In case you forgot. I am not a dietician.
This past year I’ve explored more in the cooking world and I want to discuss some basics with you that I’ve learned in this time. One is the MANY different types of sugar, what you can substitute with what, and why some sugar is not vegan.
First lets explain why the majority of cane sugar is not vegan. Sugar is processed through what is called “natural” charcoal. This is actually burned and ground animal bone. The filtering pulls out impurities and gives that standard white color to the sugar. Now if we lived in a world where humans opted to use every part of the animal. Slaughtered themselves, and cooked with every bone, tissue, and morsel. Then I would be accepting of this. Unfortunately in our agriculture in the US we do not and as the rest of the world speeds up to us in meat consumption. I opt to stay vegan with my sugar, and your choice in this is a personal one and completely up to you.
If you do want a vegan sugar, check the label most likely it will say organic and then how it was processed on the back.
Cane Sugar & Table Sugar
I see a cat hair lol.
This sugar is derived from the sugar cane only. It can be swapped with table sugar. The only difference is table sugar gets it’s sucrose from both the sugar can and sugar beets. This is used for flavoring food and beverages and baking in the US.
Caster sugar is also known as superfine sugar. This sugar has a much smaller granule compared to cane and table sugar, which makes it ideal for baking. It dissolves much more quickly than it’s counter parts as well. If you have a recipe that calls for caster or superfine sugar you can replace it with cane or table sugar but it’s tricky as you may want to spend more time allowing the cane/table sugar to dissolve.
Now there is debate as to if powdered sugar is the same as icing sugar. Technically they are different, but in the US it’s much easier to find powdered sugar. Both are used to make frostings, icings, and dips. This sugar has a fine flour like consistency and can’t be substituted with cane or caster sugar. It not only dissolves quickly but absorbs the liquids creating a light, smooth, and fluffy texture.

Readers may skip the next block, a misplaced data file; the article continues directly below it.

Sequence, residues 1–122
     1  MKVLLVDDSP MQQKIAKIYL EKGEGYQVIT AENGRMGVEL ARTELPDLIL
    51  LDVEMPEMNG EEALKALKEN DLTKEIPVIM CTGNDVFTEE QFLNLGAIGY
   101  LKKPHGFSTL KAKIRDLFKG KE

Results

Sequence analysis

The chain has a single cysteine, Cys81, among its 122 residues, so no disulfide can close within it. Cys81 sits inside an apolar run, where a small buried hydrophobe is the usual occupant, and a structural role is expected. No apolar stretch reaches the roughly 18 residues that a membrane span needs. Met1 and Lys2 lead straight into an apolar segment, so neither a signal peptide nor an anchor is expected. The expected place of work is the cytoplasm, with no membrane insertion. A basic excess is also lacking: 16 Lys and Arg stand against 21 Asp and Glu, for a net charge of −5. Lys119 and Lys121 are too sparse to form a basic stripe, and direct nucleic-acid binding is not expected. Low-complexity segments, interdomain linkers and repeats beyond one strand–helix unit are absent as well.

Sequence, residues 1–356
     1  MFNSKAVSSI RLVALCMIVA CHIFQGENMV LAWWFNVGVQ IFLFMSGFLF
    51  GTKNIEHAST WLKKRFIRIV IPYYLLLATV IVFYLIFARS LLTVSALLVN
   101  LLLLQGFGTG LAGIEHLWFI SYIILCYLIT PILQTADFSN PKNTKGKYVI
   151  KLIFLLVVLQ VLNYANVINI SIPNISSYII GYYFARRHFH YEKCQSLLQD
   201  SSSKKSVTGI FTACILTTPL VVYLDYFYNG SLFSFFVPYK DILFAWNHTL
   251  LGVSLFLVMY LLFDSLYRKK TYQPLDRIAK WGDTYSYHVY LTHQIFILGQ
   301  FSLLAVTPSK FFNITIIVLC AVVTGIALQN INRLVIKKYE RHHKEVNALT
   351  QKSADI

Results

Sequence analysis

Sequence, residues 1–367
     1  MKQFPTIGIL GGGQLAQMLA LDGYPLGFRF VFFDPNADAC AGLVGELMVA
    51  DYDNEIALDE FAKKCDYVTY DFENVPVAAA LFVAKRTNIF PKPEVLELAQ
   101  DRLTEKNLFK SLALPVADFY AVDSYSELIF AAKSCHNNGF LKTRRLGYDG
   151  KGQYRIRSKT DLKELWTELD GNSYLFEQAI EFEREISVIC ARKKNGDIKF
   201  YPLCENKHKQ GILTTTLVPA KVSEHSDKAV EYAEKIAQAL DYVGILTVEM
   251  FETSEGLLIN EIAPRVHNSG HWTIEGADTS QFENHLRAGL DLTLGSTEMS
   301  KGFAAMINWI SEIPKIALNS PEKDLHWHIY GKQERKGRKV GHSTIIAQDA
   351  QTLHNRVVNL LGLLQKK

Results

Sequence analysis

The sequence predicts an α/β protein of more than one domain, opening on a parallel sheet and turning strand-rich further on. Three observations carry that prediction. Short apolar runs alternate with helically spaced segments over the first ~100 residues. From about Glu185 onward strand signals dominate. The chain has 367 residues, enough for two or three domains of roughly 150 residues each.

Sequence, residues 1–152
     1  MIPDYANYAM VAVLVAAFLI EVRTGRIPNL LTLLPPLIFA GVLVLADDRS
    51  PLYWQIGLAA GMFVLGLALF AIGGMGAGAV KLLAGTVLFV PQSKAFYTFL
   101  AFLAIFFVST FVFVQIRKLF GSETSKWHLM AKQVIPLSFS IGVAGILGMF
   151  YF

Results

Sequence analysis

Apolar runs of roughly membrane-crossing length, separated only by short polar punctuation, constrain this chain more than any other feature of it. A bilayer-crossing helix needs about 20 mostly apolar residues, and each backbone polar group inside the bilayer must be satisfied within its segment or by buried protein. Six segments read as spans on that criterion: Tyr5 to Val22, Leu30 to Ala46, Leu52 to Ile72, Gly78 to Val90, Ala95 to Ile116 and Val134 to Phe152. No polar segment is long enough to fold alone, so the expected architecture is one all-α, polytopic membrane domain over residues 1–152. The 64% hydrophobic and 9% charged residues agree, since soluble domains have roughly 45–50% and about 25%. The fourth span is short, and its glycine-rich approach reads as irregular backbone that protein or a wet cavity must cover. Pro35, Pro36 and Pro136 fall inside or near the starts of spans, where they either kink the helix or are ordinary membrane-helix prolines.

Brown sugar and light brown sugar is a sugar that is combined with molasses to give it a distinct dark color and deep sweet flavor. Molasses is a syrup made from cane and sugar beets as well. This is commonly used in baking and cooking dishes.
Coconut sugar has a granule texture of table sugar and can replace it in recipes and flavoring. Coconut sugar does not have a distinct coconut flavor but adds Inulin which acts as a prebiotic in the body, as well as minerals such as iron and zinc. Coconut sugar has also shown to be slower absorbing on the glycemic index.
Sugar in the Raw
I couldn’t find mine so I took this photo from Amazon.com
Sugar in the raw is different from cane/table sugar as it goes through a natural filtration process. Leaving the granules slightly larger and some of it’s natural molasses still there. Unless the recipe is customized for this sugar it could be challenging to bake with as it takes much longer to dissolve. This is commonly used as a sweetener alternative for hot beverages.
Stevia is a naturally derived sugar that is about 300x sweeter than table sugar. Because of this much less is needed for flavoring. Stevia is usually used when someone is calorie conscious or has a health condition requiring a lower sugar intake. As it comes in both a granulated and liquid form, you can bake with stevia but check to see how much would be needed to replace it. There are a lot of online sources dedicated to it!
Now there are MANY more sugars, syrups, and the like. But this is what I found in my pantry so far. As I continue to explore culinary options I may add a part 2 with some more ingredients I’ve found and also some homemade syrup recipes:).
Let me know if there are any sweeteners you’re in love with!